Food festivals in Pima County (AZ) may soon have to have handwashing facilities
Posted: November 8th, 2011 - 9:43am
If I ran a food festival I'd be afraid of an outbreak leading bad press - like what was seen at Folklorama in Winnipeg (that's in Canada, and they have a new hockey team) or Taste of Chicago. The fallout: lots of illnesses and questions to organizers and regulators on how it happened. A festival with a good food safety culture provides risk-reduction tools to vendors and patrons alike - and promotes it everywhere. Talking about it demonstrates shared values.
The Pima County AZ is investigating a law requiring making handwashing stations at festivals required (one station for every five portapotties).
According to the Arizona Daily Star
The Board of Supervisors could make both requirements a matter of law as soon as Tuesday, following a public hearing.
The county Health Department is recommending one hand-washing station for every five portable toilets at a festival.
Festival organizers say they already provide some hand-washing stations, but complained the new rules could be expensive and complicated to enforce.
"It's already a crapshoot to figure out how many porta potties to have," said Mia Hansen, executive director of Tucson Meet Yourself.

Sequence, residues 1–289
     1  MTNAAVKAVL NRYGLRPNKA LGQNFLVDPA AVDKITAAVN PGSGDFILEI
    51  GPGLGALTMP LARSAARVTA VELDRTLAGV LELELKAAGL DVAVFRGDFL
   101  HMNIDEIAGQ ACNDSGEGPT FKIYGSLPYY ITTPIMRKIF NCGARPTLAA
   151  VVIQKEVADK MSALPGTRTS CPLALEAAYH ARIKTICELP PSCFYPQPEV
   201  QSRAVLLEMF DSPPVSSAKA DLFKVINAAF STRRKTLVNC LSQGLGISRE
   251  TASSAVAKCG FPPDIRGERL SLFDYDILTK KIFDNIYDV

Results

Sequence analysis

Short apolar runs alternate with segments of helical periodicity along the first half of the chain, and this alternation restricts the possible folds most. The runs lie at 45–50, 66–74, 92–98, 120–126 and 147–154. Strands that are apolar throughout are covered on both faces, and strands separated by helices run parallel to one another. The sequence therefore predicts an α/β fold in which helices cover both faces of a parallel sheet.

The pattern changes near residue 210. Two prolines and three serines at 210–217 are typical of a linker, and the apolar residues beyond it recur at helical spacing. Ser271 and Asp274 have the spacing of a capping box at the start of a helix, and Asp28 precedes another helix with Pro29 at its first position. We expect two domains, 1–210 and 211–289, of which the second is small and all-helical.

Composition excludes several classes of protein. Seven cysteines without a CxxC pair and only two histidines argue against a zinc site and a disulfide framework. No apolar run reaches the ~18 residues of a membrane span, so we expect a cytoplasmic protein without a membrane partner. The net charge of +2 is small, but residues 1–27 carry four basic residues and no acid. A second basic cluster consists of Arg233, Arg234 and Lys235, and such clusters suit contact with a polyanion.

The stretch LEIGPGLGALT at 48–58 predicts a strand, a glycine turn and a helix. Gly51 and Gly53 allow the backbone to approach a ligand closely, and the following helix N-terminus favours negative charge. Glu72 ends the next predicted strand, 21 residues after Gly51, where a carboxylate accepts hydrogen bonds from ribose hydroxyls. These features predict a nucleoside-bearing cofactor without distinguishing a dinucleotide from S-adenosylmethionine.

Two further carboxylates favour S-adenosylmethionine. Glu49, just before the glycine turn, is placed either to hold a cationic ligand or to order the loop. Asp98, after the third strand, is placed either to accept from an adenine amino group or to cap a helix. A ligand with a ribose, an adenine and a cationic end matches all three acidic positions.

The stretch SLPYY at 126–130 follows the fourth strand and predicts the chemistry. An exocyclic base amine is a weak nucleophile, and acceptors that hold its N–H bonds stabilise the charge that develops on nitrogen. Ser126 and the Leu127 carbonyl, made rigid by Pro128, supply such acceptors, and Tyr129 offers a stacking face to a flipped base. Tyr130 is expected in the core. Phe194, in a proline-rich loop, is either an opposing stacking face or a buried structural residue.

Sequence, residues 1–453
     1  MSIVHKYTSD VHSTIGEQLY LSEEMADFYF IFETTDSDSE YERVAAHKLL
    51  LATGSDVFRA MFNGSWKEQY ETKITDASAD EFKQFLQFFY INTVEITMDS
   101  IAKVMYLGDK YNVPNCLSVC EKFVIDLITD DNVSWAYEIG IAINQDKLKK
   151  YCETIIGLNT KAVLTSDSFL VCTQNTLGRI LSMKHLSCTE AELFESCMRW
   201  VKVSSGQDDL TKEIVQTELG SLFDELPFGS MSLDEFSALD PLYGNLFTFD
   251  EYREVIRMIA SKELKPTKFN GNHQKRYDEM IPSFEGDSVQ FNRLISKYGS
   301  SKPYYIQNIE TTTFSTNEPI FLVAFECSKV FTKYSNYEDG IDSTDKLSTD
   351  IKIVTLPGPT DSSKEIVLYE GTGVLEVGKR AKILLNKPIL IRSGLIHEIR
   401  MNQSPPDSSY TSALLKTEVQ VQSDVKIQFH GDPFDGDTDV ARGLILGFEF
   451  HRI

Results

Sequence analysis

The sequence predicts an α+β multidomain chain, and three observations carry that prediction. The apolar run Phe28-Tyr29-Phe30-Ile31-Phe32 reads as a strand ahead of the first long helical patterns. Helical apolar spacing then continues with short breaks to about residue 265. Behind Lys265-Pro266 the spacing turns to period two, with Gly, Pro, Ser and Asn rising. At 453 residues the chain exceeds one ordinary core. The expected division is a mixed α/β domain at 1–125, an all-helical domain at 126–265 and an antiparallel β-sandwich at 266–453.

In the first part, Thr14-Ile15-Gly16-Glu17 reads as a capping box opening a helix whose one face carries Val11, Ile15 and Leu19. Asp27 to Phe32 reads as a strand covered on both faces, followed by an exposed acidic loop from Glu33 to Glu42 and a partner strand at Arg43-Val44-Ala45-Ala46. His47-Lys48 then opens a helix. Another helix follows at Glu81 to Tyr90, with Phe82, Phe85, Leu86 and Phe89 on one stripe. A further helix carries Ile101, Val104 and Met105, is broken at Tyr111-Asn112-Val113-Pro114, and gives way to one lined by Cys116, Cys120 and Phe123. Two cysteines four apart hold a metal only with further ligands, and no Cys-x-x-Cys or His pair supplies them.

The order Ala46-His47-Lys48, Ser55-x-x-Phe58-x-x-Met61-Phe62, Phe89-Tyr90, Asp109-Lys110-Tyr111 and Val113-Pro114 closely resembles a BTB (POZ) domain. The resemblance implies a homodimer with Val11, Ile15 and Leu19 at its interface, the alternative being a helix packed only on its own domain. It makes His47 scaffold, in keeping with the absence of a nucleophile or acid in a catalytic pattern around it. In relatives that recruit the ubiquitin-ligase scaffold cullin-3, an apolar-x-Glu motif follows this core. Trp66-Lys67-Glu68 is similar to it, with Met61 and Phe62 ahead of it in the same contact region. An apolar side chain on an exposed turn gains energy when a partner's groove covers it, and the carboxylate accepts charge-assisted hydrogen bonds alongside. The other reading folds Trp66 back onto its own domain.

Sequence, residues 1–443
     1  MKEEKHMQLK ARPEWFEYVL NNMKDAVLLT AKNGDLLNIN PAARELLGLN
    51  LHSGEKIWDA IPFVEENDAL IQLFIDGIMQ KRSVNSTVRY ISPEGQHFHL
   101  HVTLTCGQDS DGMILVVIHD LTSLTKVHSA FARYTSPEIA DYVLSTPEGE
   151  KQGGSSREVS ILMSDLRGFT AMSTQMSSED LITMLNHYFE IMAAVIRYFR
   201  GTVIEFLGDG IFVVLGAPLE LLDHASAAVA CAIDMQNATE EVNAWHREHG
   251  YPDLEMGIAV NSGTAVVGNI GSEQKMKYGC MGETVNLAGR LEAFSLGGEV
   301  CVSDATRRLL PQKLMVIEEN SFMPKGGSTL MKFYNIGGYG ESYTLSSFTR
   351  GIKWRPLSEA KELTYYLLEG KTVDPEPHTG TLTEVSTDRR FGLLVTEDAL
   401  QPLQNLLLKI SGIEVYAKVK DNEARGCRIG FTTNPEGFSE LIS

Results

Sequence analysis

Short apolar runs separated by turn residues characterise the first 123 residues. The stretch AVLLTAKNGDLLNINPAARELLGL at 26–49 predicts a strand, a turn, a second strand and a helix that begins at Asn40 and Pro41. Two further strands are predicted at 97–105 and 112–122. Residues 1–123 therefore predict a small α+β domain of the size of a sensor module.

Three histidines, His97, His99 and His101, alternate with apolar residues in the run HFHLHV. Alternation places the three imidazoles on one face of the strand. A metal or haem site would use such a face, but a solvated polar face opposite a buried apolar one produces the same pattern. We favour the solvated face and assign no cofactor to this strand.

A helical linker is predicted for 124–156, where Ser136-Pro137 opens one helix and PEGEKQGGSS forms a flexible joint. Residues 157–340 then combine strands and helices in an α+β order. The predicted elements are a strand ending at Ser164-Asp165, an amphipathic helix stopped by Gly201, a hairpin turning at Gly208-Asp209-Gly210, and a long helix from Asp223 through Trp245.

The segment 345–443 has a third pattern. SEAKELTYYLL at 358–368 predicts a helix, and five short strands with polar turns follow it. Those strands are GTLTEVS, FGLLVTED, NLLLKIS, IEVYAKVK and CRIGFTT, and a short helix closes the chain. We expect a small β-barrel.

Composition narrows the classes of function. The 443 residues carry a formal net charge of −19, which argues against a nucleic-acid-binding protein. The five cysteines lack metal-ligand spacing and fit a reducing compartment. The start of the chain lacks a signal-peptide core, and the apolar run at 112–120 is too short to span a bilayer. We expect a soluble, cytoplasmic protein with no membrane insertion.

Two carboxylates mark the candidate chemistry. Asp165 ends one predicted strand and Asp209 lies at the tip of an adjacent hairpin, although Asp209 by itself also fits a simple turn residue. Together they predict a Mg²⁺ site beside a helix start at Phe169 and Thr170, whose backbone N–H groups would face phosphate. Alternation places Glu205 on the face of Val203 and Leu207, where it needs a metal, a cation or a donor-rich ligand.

The Pima County Fair would be affected by the new rules, and it's unclear how the quotas would apply to an event like El Tour de Tucson, said Hansen, who is also a board member of the Festival and Events Association of Tucson and Southern Arizona.
The Great Tucson Beer Festival typically rents more than 30 portable toilets and six portable hand-washing stations. But those stations are mostly for vendors, so the festival would probably need to rent a few more next year, at a cost of more than $300, said Mitzi Tharin, Tucson station manager for Sun Sounds, the beneficiary of the fundraising festival.
The proposed ordinance would require food trucks to offer hand sanitizer or hand-sanitizing towelettes to customers.
Kenn Goldman, owner of the Dragoon Cafe food truck and an organizer for the Tucson Food Truck Roundup, said he doesn't know whether the county needs an ordinance for that.
Most of the time he provides a pump bottle of hand sanitizer for his customers' convenience anyway, he said.
There are pros and cons on hand sanitizer products, Goldman said. It's nice to have if your hands are dirty and there's no soap around, he said, but frequent use of the products may make people more susceptible to germs (a bigger problem is that sanitizer isn't all that effective against norovirus -ben).